The news has been filled with stories of a widespread shortage of teachers as public schools across the U.S. are getting set to begin another school year.
Last week the Washington Post‘s Hannah Natanson reported: “Florida is asking veterans with no teaching background to enter classrooms. Arizona is allowing college students to step in and instruct children.” School districts often struggle in late summer to hire enough teachers and other essential staff to keep class sizes reasonable and ensure that all schools can fully serve their students’ needs. But the shortage seems more acute this year.
Natanson points to “a confluence of factors including pandemic-induced teacher exhaustion, low pay and some educators’ sense that politicians and parents—and sometimes their own school board members—have little respect for their profession amid an escalating educational culture war that has seen many districts and states pass policies and laws restricting what teachers can say about U.S. history, race, racism, gender and sexual orientation, as well as LGBTQ issues. The stopgap solutions for lack of staff run the gamut, from offering teachers better pay to increasing the pool of people who qualify as educators to bumping up class sizes.”
There is evidence, however, of a deeper problem rarely explored in the mainstream press but frequently named by teachers themselves: two decades of standardized test-based school accountability which forces teachers to emphasize two subjects, reading and math, and demands test prep on basic skills to elevate overall school ratings required by the states and the federal government. Three years ago, even before COVID-19 utterly upended public schools, Peter Greene penned a blog post that characterizes teachers’ point of view: “I’ve been saying it. Tim Slekar (a well known education professor and blogger and podcaster) has been saying it. Other people who aren’t even directly tied to teaching have been saying it. There is no teacher shortage. There’s a slow-motion walkout, a one-by-one exodus, a piecemeal rejection of the terms of employment for educators in 2019… Teaching has become such unattractive work that few people want to do it… Respect. Support. The tools necessary to do a great job. Autonomy. Treating people like actual functioning adults. These are all the things that would make teaching jobs far more appealing.”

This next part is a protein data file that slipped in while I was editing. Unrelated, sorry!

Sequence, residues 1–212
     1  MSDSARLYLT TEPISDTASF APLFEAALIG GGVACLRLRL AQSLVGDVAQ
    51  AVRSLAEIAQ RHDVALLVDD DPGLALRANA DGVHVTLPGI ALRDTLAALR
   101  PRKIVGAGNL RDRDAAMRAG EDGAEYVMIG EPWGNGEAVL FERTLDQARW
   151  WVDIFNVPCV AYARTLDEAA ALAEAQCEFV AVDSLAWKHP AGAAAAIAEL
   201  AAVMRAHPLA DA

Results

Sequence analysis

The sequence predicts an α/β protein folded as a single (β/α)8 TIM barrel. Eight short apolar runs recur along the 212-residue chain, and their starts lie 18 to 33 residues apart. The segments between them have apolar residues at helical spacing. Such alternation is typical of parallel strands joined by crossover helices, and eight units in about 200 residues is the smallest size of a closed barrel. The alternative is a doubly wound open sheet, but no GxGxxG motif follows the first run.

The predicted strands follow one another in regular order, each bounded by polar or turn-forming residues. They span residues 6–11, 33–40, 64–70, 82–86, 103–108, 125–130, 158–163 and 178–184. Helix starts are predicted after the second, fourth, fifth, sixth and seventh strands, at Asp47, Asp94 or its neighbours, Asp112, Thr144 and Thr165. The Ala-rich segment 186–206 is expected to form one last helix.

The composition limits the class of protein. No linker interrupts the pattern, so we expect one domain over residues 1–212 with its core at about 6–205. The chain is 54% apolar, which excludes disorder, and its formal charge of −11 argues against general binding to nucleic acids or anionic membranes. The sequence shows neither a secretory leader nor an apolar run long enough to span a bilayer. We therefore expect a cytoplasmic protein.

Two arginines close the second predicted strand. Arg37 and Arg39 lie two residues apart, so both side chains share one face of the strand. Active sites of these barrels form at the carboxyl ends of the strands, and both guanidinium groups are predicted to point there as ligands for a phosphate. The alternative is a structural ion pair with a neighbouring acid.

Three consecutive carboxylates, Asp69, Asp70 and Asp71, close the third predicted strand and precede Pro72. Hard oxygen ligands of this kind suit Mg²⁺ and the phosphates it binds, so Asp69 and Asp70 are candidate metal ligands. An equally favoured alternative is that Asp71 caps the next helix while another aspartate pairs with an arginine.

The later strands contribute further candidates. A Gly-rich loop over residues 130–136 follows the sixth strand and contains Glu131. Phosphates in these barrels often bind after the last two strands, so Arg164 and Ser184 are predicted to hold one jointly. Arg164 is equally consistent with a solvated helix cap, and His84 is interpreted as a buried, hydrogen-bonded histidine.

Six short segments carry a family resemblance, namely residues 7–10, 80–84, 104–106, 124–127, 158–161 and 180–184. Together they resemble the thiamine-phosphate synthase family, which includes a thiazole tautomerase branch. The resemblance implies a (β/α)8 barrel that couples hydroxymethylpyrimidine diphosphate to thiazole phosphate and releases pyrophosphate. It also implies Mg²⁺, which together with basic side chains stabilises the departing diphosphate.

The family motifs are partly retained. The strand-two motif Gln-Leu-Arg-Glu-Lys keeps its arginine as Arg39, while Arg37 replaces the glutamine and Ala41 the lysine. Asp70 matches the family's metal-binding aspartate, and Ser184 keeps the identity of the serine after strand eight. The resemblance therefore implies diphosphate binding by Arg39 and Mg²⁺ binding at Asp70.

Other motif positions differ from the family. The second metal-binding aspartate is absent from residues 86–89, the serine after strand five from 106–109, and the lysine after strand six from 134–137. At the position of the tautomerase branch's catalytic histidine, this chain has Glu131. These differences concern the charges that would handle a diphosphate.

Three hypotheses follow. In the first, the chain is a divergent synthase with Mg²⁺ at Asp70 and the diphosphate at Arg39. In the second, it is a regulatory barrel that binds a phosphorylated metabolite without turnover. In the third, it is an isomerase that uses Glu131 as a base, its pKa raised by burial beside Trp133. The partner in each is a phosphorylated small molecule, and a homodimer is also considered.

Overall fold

Two weeks ago, the National Education Policy Center’s newsletter reported on new peer-reviewed research documenting that Greene was correct: teachers want more latitude to shape what happens in their classrooms: “For administrators, policymakers, and educators, the study, published in March in the peer-reviewed journal Education Policy Analysis Archives (EPAA), suggests several potential solutions to the K-12 version of the Great Resignation… (T)he new study adds to the existing literature through a deep dive into the impact of teacher voice…. (T)he study finds that higher levels of ‘teacher voice’—defined as the level of teacher influence over classrooms and schools—are associated with lower levels of (teacher) attrition, even after accounting for factors also known to impact attrition, such as salary.”